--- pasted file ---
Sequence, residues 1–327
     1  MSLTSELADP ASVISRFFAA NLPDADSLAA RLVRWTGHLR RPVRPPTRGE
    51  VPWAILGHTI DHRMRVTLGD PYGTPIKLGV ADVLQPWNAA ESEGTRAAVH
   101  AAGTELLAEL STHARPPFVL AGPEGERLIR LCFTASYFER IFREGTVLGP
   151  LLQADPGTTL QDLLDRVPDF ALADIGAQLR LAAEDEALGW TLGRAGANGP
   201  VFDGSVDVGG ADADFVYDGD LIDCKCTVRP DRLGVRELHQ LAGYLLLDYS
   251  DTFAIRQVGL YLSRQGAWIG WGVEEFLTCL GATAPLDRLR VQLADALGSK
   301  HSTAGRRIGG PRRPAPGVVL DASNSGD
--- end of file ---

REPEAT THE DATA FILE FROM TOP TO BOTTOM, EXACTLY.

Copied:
Sequence, residues 1–327
     1  MSLTSELADP ASVISRFFAA NLPDADSLAA RLVRWTGHLR RPVRPPTRGE
    51  VPWAILGHTI DHRMRVTLGD PYGTPIKLGV ADVLQPWNAA ESEGTRAAVH
   101  AAGTELLAEL STHARPPFVL AGPEGERLIR LCFTASYFER IFREGTVLGP
   151  LLQADPGTTL QDLLDRVPDF ALADIGAQLR LAAEDEALGW TLGRAGANGP
   201  VFDGSVDVGG ADADFVYDGD LIDCKCTVRP DRLGVRELHQ LAGYLLLDYS
   251  DTFAIRQVGL YLSRQGAWIG WGVEEFLTCL GATAPLDRLR VQLADALGSK
   301  HSTAGRRIGG PRRPAPGVVL DASNSGD